Those labourers who survived discovered that they could demand higher wages. They could leave their masters and seek better conditions elsewhere, or move to a town and take up life as a free craftsman. It led to a huge social upheaval and an unprecedented movement of population.
Above all, those who had experienced the plague must have thought the end of the world had come. The afflicted often died alone and unshriven. Social order broke down. With family, friends and neighbours dying all around them, it would have seemed to a devout fourteenth-century population that God was determined to destroy mankind. There was no cure for the plague. It struck at random – wicked and worthy alike. Imagine how terrifying it must have been.
So it’s not surprising that a work like Piers Plowman should have been written a couple of decades after the first visitation of the plague, examining what was wrong with society. (Why, after all, had God chosen to inflict this terrible punishment?) And searching for a path to a good Christian life. (So the punishment would not return to destroy the survivors.)
The pope and the Church he headed had also begun to fall into disrepute from the time of the removal of the papal court to
1309. Now some began to question whether God’s displeasure lay with corruption
in the Church. The papal schism of 1378 damaged the reputation of the Church
even further. Avignon
Although the narrative standpoint in Piers Plowman is nominally mediaeval Catholicism, there are the seeds here of the new, questioning movements which would lead eventually to Protestantism. John Ball, one of the leaders of the Peasants’ Revolt, appropriated the name ‘Piers Plowman’ in his writings. Piers, of course, represents the ‘common man’, Everyman, one of those peasants whose status in society was profoundly changed by the devastation of the Black Death.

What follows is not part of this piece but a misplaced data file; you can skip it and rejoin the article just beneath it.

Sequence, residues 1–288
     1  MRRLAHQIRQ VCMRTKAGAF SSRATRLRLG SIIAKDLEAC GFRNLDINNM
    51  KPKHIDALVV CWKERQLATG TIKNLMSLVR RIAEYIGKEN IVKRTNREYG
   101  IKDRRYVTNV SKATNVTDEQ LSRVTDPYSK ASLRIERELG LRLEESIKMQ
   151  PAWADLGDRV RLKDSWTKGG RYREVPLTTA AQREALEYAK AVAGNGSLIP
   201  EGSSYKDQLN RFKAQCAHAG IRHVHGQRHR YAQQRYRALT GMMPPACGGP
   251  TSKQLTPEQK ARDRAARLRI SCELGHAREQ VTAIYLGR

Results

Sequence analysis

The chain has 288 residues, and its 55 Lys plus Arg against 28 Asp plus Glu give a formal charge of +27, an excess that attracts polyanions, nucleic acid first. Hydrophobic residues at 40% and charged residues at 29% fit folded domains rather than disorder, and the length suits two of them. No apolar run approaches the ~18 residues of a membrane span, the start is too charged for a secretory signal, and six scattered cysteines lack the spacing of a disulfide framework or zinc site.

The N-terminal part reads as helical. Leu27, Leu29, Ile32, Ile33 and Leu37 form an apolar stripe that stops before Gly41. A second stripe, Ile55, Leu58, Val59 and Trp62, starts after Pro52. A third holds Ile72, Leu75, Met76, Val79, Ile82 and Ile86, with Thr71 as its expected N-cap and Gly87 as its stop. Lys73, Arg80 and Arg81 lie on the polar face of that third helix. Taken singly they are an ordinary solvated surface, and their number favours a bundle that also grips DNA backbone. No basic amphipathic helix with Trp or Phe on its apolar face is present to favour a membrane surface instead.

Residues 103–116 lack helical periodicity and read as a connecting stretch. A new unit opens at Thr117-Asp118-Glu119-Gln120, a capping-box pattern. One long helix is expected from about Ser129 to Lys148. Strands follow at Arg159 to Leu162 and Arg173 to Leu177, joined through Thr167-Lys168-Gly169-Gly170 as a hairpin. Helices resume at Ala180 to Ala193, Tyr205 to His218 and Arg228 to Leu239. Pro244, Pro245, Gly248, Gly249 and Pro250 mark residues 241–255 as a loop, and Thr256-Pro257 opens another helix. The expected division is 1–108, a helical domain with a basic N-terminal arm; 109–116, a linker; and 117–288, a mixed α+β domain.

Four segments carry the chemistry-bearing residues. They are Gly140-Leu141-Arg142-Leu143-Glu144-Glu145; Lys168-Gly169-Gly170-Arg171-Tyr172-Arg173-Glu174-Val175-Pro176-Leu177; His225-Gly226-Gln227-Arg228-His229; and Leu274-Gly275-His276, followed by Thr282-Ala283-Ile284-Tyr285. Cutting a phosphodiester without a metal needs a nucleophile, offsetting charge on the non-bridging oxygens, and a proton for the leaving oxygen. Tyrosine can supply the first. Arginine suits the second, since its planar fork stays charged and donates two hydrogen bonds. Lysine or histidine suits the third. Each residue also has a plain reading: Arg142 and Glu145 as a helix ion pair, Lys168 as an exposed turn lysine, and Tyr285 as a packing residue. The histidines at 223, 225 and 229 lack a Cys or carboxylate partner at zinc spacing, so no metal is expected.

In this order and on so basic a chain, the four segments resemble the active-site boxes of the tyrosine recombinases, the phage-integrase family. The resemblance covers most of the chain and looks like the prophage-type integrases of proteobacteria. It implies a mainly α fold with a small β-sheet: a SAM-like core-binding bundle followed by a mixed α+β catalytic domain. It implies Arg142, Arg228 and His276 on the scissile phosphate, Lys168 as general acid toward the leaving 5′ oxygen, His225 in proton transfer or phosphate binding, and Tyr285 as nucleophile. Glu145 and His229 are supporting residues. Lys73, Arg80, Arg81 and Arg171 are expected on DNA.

|John Ball encouraging the peasants|
The first plague years in
1348-9, the following outbreaks occurring in 1361-2, 1369, and 1374-5. Piers Plowman was written somewhere
around 1370 or a little later. The year 1378 saw the papal schism. The Peasants’
Revolt took place in 1381. England
|Richard II meeting the peasants|
The Lollard movement for the reform of the Church originated in the middle of the same century, in the same circumstances of plague, and its most famous leader, the theologian John Wycliffe, was driven out of
for his ‘heretical’ views in 1381. His translation of the Bible into the
vernacular (1382) circulated amongst reformers until the Reformation, despite
being banned, and it influenced the Authorised Version produced in the reign of
James I, as well as the later translation by Tyndale. The whole second half of
the fourteenth century was a crucible of radically new ideas that would have
been unthinkable just fifty years before. Oxford
So, although there is certainly no evidence that William Langland was a Lollard, his writings reflect the major upheavals in social and religious thinking of the late fourteenth century. Although we tend to associate the beginning of the modern world with the coming of the Tudors, its earliest roots lie in the extraordinary events and new ideas which arose during the late fourteenth century, more than a hundred years earlier. They are articulated above all in Piers Plowman, a new kind of literary voice for a new era.